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Honoring Juneteenth 2021 - Marguerite Ford, RN

Marguerite Ford

This Juneteenth, we want to acknowledge and recognize the historic, systematic injustices and oppressive discrimination that Black Americans continued to face. While we find joy in celebrating the progress that has taken place, we also know there is work to be done. At ERC Pathlight, we want to work in solidarity to be a catalyst for change in our hearts and in our communities, working to build a world where all individuals can live without fear.

Today we're introducing you to Marguerite Ford, RN, who shares about what this honorary day means to her, why she feels called to work in mental health, and what advice she has for the next generation.

What does Juneteenth mean to you?

Enslaved people in the state of Texas were freed two years after the Emancipation Proclamation was passed in 1863.

How do you acknowledge and celebrate this historical day each year?

If I’m not working, I try and find local celebrations or events. If not, I always celebrate in remembering the contributions of Black people, their struggles, oppression and contributions to the American culture that is often times disregarded and not adequately acknowledged.

Who is your biggest inspiration in life and why?

My biggest inspiration in life is my mother who passed away in 2019. Knowing the personal struggles she went through as a Black woman in America raising three children, growing up in the Civil Rights era and experiencing firsthand discrimination as a child and even as an adult in her career field. She has always taught me to strive for the best, work hard and always treat others as I would like to be treated.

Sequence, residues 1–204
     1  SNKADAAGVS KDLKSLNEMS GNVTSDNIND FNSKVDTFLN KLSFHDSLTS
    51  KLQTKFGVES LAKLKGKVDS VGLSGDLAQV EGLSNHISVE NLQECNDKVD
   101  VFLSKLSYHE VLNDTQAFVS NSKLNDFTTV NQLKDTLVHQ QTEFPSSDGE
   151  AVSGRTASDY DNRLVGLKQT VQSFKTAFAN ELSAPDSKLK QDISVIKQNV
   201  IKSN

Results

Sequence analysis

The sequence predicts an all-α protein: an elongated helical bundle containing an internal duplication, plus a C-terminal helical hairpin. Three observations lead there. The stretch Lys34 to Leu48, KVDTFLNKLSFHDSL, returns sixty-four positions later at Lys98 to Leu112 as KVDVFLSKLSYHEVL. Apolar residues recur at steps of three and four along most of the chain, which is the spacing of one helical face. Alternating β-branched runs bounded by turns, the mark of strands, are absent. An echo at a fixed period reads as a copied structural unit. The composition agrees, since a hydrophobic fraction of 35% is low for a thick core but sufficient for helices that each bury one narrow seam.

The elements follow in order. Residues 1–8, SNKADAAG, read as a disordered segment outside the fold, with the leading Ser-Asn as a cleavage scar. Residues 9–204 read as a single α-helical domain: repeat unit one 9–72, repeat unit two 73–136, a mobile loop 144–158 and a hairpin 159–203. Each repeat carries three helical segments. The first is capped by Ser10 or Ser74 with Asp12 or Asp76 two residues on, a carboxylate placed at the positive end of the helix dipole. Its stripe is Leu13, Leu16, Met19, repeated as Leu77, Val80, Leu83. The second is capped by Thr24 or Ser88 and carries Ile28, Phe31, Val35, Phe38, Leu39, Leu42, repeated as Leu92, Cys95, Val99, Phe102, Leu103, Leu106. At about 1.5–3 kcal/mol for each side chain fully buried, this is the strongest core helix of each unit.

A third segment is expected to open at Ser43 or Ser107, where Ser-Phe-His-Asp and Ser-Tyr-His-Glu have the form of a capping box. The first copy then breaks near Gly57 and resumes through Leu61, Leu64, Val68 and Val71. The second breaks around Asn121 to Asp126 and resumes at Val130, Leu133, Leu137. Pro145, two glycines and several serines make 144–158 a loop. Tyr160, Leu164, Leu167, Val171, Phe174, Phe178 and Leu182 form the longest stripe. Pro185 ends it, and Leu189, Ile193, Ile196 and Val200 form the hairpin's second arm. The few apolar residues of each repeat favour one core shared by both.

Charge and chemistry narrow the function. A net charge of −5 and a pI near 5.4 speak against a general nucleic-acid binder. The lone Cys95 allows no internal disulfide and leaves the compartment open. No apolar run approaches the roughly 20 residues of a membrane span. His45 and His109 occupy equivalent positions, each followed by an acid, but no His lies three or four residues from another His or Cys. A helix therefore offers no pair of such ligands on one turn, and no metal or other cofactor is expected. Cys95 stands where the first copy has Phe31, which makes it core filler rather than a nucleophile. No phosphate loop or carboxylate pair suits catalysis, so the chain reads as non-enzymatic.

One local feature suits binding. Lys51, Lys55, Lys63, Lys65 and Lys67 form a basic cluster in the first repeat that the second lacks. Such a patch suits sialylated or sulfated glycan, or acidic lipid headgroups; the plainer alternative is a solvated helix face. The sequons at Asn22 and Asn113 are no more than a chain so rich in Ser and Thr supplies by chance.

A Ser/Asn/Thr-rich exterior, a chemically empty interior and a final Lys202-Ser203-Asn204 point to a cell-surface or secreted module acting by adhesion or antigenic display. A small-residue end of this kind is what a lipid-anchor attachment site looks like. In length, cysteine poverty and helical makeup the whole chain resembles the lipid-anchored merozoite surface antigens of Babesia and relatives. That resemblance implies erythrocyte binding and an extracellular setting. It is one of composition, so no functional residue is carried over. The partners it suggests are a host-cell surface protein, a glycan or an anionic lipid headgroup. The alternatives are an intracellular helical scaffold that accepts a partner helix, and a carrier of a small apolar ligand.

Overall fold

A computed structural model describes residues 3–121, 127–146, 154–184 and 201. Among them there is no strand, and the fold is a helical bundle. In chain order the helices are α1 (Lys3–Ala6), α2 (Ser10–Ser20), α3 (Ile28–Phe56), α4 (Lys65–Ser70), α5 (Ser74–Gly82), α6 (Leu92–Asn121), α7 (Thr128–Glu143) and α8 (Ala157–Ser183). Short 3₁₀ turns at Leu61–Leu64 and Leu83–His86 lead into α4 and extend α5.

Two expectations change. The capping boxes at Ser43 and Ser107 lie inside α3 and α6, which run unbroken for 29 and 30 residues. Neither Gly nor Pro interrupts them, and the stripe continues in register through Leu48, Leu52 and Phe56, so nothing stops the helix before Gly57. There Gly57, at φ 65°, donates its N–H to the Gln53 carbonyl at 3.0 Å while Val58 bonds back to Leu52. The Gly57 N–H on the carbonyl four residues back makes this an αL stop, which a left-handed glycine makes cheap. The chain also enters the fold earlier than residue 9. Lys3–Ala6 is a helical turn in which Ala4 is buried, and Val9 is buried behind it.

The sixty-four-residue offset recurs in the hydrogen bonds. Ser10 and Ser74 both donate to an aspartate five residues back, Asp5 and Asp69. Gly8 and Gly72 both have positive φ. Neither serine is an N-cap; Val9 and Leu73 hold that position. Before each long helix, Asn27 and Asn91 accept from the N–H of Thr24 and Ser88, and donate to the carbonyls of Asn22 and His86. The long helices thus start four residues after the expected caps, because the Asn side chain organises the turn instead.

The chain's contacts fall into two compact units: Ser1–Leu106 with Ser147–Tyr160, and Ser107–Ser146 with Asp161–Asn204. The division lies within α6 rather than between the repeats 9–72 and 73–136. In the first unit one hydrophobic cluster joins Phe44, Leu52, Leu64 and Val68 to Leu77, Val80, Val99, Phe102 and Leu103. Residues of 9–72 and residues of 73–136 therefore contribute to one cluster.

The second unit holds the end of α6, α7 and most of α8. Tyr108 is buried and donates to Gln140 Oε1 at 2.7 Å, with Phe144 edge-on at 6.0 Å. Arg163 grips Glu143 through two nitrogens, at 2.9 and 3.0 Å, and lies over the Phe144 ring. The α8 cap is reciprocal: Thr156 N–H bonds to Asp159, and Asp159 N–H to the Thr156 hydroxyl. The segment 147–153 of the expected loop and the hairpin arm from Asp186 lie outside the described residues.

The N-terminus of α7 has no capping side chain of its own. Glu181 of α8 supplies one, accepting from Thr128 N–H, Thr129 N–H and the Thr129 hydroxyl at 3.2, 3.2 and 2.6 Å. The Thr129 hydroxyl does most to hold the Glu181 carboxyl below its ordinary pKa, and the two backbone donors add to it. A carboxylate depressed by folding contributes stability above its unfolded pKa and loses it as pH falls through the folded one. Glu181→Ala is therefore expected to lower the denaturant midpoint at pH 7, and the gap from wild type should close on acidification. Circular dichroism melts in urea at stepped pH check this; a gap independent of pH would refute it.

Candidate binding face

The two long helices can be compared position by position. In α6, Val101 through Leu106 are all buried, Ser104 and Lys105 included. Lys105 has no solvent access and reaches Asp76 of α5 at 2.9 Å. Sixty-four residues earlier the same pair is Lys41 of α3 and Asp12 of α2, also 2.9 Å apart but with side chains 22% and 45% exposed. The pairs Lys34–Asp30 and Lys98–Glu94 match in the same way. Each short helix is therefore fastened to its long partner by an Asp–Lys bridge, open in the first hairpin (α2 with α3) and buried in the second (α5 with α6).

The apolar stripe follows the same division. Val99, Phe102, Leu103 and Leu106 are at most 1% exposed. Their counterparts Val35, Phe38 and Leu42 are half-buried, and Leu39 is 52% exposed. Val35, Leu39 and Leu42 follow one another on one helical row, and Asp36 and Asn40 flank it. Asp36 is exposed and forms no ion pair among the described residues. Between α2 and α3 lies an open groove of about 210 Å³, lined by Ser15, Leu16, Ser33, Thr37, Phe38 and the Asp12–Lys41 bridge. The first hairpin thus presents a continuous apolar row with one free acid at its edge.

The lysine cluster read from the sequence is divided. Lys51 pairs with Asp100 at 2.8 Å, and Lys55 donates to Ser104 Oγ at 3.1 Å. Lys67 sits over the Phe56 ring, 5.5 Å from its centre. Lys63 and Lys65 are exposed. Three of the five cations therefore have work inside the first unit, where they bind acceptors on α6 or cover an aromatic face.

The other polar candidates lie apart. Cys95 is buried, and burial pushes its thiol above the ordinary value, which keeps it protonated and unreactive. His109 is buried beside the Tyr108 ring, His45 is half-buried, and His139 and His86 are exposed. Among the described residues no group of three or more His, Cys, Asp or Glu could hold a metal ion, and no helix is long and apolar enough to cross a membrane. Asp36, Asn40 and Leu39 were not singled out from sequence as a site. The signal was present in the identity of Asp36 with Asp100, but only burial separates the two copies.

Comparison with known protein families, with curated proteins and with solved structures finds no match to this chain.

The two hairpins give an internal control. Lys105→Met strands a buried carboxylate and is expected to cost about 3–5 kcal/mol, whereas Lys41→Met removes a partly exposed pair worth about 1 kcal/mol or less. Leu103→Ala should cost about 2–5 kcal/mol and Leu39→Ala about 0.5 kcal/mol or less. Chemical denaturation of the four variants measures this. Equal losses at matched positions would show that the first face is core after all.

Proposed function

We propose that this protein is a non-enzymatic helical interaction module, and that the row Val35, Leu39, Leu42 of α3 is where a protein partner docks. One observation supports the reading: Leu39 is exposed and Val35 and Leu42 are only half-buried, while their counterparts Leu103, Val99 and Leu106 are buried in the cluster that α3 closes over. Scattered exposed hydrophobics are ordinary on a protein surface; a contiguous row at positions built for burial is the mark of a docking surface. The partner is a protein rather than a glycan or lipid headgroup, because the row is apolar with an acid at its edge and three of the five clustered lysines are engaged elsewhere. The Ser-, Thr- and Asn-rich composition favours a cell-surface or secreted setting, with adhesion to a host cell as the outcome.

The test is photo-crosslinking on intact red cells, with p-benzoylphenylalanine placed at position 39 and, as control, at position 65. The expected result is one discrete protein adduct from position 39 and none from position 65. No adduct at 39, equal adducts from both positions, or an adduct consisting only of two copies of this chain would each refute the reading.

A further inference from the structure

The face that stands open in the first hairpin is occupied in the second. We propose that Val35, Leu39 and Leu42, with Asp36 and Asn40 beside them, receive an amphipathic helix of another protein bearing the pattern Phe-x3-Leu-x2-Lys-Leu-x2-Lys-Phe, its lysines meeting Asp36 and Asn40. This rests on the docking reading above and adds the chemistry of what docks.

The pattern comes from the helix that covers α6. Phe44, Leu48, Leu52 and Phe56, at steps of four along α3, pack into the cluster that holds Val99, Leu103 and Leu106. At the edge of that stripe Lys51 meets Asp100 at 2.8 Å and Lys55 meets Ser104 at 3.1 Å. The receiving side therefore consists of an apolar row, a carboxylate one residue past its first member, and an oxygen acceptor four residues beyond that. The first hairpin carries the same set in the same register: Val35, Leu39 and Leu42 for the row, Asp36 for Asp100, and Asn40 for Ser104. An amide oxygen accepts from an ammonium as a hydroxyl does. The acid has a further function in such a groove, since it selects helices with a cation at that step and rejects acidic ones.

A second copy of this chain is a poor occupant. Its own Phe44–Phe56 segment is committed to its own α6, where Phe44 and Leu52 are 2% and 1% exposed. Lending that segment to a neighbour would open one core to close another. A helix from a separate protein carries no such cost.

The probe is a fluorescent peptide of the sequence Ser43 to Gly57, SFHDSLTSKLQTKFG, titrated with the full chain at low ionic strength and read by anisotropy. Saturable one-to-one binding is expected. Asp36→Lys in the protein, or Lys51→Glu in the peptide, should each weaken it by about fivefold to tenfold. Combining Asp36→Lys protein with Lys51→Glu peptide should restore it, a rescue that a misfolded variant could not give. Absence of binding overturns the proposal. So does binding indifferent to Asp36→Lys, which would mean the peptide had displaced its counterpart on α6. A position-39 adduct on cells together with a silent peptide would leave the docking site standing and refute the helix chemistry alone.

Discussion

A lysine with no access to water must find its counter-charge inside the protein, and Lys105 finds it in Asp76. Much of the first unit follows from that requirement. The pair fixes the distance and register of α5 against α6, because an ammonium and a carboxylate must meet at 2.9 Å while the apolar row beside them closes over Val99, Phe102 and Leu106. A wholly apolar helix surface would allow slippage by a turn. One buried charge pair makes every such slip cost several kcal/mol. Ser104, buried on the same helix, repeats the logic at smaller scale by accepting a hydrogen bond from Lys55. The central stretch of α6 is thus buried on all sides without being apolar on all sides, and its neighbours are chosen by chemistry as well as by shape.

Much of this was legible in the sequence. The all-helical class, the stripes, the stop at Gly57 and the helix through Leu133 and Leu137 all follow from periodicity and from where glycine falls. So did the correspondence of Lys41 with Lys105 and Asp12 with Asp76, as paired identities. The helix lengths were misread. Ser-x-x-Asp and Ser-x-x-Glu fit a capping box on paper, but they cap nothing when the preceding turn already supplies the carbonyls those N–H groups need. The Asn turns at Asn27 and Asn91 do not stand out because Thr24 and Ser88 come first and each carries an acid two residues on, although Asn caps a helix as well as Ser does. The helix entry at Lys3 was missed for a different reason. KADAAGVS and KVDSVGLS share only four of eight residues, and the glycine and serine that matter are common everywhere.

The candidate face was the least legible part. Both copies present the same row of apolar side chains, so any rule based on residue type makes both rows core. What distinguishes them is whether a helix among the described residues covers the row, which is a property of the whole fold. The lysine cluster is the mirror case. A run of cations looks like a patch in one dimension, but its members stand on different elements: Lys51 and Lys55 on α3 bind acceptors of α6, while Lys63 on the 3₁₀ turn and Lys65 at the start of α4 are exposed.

Why do you feel called to work in mental health care?

I enjoy working in the mental health field because although it always comes with challenges, the rewards outweigh the difficult times. I have a personal family connection with the mental health population.

How do you support your own mental health and unwind after a long week?

I definitely like to take full advantage of my time off. I do yoga, walks around the lake, hang out with friends and my husband, shopping, cooking, traveling and just enjoy being outdoors.

What have you learned in the past year about yourself while experiencing the Covid-19 pandemic and the national reckoning around racism in America?

I feel like I have become more anxious during COVID and more conscious about being in public to protect myself regarding the pandemic. I feel that the Black Lives Matter movement is bringing more awareness to the ongoing issues of racism in America. In the new age of social media, it is just now more publicized but racism in America will continue to be present, unfortunately.

What’s one personal goal you have for 2021 that you’re able to share with us?

More self-care this year; I do not want to be consumed by negativity so just doing more of the things I enjoy most.

What is one thing not many people know about you that may surprise them?

I have served in the armed forces for eight years.

What would you tell your 18-year-old self that would have better prepared you for your life today?

Explore and travel as much as you can to experience life and culture outside of my own.

What advice would you give to the next generation?

Limit your social media.

Anything else you’d like to add?

I think this is a great activity for staff; it allows us to get to know a little about each other. We work side-by-side with each other but never really get acquainted on a personal level.